God • Titan • Human • Animal • Hungry ghost • Hell
These are the names of the six realms, or lokas in Sanskrit. The realms represent the six styles in which human beings lose touch with their real nature and experience suffering, aka, karma.
When we do sadhana, we begin to step out of the realms. Our clarity, spontaneity and freedom of expression increase.
Last time, I wrote about Titan Realm. About every two weeks, I will be describing a new realm and will offer a few pointers about working with each flavor of karmic fixation.
Human realm and titan realm both express as competitiveness and envy. While titan realm karma expresses as the compulsive seeking of public acclaim for what one does, human realm expresses as seeking approval for what one knows and drives one to compete for intellectual superiority.
Human realm is the “mind realm.” This is the classic stuck in your head thing. You are attached to thinking, planning, theorizing, categorizing, comparing, calendaring, explaining, arguing and nit-picking. You bolster ego by criticizing the ideas, positions or beliefs of others and, importantly, by convincing yourself and others that you are right.
Human realm fixation covers up a fear of openness and of not knowing. It is a strategy that wants to quell anxiety about the vastness and unpredictability of life’s natural intelligence by containing that vastness with rationalistic, limited ideas. In a sense, human realm fixation tries to squash doubt about the small self by competing with vidya shakti, or the native intelligence of God.
The great obstacle of the human realm is being unable to step out of intellectual, conceptual thinking and allow oneself to become immersed in the vastness and openness of experience.
Contemporary Westerners are so highly trained to rely on their minds, the majority of people honestly cannot discern the difference between knowing about something in an intellectual way and embodied knowledge.
I sometimes am asked by yoga studios to teach practices from Kashmir Shaivism in teacher training courses. I generally have to let people know that what I teach is student training, not teacher training. How can something be teacher training when people are learning it for the first time?
For instance, if I share a bit about chakras or mantra or meditation and give students some sadhana to do, they are far from ready to teach. They are only ready to practice!
Mind realm fixation mistakes mentally understanding an idea or a technique for real knowing. The knowledge that yoga in the largest sense offers us is embodied knowledge of the nature of Reality. We learn how to work with Reality, and we become directly immersed in its wisdom. We are not just thinking about things, or describing them, or following a technique in a superficial way.
Gaining embodied knowledge requires that we let go of concepts and preconceptions. We have to listen deeply and openly with all of our senses. We must use our minds as organs of curiosity, not as capture and subdue weapons. We have to surrender and let Reality communicate to us. We have to become honest apprentices, not instant, pour-and-mix masters. And we must practice, practice, practice until we know the way from first-hand experience.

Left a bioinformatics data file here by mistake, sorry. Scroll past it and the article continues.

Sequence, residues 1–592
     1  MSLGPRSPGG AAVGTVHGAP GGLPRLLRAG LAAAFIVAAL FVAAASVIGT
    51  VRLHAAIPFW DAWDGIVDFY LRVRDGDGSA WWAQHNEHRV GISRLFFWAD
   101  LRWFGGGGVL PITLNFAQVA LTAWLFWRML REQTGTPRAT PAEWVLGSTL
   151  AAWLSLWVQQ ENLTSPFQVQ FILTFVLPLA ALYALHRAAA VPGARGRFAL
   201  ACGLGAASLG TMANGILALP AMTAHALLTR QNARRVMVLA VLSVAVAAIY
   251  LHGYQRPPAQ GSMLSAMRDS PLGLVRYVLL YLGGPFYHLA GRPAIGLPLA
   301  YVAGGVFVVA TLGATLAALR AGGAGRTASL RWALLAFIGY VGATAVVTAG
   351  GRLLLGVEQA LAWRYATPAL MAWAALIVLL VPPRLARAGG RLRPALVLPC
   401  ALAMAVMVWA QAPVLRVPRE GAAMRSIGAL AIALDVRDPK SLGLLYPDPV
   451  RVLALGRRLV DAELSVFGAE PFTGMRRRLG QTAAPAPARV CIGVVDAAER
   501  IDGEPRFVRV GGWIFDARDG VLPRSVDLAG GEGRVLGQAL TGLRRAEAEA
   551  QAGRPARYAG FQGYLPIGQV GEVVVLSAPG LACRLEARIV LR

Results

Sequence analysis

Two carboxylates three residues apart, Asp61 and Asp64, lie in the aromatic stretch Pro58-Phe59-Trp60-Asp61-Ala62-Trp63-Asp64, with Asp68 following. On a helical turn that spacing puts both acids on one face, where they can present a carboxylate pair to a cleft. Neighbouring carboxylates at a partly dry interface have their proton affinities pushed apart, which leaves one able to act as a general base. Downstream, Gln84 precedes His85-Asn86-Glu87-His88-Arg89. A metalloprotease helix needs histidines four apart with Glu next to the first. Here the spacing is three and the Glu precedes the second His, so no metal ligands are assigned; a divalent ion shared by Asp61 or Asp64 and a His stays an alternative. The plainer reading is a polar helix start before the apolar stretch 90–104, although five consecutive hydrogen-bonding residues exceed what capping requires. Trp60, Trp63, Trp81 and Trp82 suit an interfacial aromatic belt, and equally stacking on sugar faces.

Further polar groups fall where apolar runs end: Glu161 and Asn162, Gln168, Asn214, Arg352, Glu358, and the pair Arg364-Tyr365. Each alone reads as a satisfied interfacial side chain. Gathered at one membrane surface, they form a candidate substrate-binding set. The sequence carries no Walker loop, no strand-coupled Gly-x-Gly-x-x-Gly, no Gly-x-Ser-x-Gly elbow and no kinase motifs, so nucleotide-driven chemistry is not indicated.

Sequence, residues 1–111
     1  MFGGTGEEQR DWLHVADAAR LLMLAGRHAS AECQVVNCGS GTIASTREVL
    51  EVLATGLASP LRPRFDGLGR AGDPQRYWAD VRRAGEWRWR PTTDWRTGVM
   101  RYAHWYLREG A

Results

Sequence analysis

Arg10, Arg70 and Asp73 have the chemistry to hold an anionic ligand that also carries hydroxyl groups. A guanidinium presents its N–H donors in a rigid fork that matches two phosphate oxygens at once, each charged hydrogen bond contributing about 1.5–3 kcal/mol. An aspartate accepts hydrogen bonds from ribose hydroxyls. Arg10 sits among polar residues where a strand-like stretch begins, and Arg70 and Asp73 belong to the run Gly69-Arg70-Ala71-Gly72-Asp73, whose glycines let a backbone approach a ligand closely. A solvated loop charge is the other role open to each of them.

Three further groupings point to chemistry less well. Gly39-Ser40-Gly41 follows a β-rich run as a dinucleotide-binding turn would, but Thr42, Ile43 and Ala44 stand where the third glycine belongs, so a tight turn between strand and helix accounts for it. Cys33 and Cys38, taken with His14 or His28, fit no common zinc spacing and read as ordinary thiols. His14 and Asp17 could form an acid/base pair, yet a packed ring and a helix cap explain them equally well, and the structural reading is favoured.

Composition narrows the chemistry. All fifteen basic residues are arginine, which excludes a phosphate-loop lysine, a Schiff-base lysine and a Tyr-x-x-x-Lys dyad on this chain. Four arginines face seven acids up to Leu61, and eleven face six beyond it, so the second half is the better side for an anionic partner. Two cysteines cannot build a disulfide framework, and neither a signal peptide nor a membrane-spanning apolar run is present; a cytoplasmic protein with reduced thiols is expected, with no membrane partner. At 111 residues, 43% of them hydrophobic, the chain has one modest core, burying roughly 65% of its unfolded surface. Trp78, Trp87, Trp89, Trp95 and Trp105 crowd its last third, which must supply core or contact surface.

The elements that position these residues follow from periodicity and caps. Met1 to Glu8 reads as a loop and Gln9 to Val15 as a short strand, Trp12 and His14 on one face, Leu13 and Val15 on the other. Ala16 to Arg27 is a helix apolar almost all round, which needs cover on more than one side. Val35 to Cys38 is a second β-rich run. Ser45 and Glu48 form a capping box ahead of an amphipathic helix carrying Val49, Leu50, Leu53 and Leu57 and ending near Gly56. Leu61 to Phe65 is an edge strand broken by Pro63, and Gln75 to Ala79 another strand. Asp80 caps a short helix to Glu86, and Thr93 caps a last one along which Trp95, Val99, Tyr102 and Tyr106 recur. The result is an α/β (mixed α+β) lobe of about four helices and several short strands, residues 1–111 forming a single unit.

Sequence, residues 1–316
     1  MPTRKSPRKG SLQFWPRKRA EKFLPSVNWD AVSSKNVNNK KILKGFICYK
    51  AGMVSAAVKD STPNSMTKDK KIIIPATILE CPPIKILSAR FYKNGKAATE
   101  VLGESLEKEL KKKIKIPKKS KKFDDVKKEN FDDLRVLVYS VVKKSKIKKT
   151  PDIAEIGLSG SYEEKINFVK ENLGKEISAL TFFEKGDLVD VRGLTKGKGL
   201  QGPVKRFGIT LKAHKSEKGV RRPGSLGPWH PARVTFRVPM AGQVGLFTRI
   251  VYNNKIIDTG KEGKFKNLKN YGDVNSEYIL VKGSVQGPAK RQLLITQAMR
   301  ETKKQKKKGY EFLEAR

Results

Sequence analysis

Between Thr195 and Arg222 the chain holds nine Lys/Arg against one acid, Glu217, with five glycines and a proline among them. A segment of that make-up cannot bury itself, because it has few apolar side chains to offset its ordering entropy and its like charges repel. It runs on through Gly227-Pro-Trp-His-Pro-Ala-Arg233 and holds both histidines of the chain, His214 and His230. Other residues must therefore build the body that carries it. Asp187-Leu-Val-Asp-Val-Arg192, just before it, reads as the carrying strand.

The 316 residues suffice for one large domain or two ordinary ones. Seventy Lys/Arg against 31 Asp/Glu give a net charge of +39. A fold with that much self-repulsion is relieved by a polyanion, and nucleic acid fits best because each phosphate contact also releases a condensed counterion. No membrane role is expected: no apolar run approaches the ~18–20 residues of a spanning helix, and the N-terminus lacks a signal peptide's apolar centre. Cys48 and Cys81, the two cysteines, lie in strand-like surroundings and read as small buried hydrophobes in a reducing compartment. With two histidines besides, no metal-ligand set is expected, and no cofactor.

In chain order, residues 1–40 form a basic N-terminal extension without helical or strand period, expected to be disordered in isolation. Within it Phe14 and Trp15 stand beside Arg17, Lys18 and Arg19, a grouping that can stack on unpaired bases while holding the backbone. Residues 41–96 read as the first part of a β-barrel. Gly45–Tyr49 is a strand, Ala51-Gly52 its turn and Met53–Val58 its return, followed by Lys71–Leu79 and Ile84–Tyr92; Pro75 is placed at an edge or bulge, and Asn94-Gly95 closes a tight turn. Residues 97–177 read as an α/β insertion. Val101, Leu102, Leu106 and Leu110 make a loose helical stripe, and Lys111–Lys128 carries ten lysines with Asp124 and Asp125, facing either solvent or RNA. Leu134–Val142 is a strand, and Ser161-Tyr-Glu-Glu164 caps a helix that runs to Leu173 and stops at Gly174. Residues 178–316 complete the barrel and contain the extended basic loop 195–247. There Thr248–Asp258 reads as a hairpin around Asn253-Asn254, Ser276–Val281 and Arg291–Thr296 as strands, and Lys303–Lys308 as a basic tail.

Imagine that you are travelling by train to Dehradun. On your journey you will pass through large stations, through towns and villages. Every one of these has been indicated in the guide-book. But what is seen between the different stations, can it all be described in full detail? The trees and plants, the animals and birds, the tiny little ants that are met with on the way, could all these be delineated? —Anandamayi Ma
Exit from the Human Realm
- Human realm is the future thinking realm par excellence. Future thinking is a doomed attempt to control time and the unknown. It is helpful in this situation to cultivate “ordinary presence.” To do this, spend some time each day internally and neutrally narrating your activities. For instance, if you are washing the dishes, internally say to yourself: “I am picking up a plate. I am rinsing it with water. I am picking up the dish soap. I am squeezing the dish soap on the sponge. I am washing the plate. I am putting the plate in the drainer.” Whatever you are doing, narrate your activities to yourself in this simple, neutral way.
- Practice continuous OM chanting. This is a gateway to getting out of your head and into more direct, sensory experience. Chant OM aloud on the exhale and silently chant it on the inhale. Make sure that the “mmmm” sound is about twice as long as the “oo” sound. It is very nice to do this in groups with everyone going at their own pace.
- Singing kirtan at your altar or in groups is also a good practice for getting out of your head and into more direct experience.
- Practice any meditation technique that involves listening openly to the sounds in your environment.
- Try to laugh at your own earnestness. Value anyone who teases you about being too serious!
You can’t fear something of which you have no experience. In fact, what we fear or long for most is precisely that about which we have the possibility to develop deep insight. The fear of life’s vastness that characterizes human realm, blossoms with the nourishment of sadhana into a profound confidence in vidya shakti, or the natural wisdom of embodied life.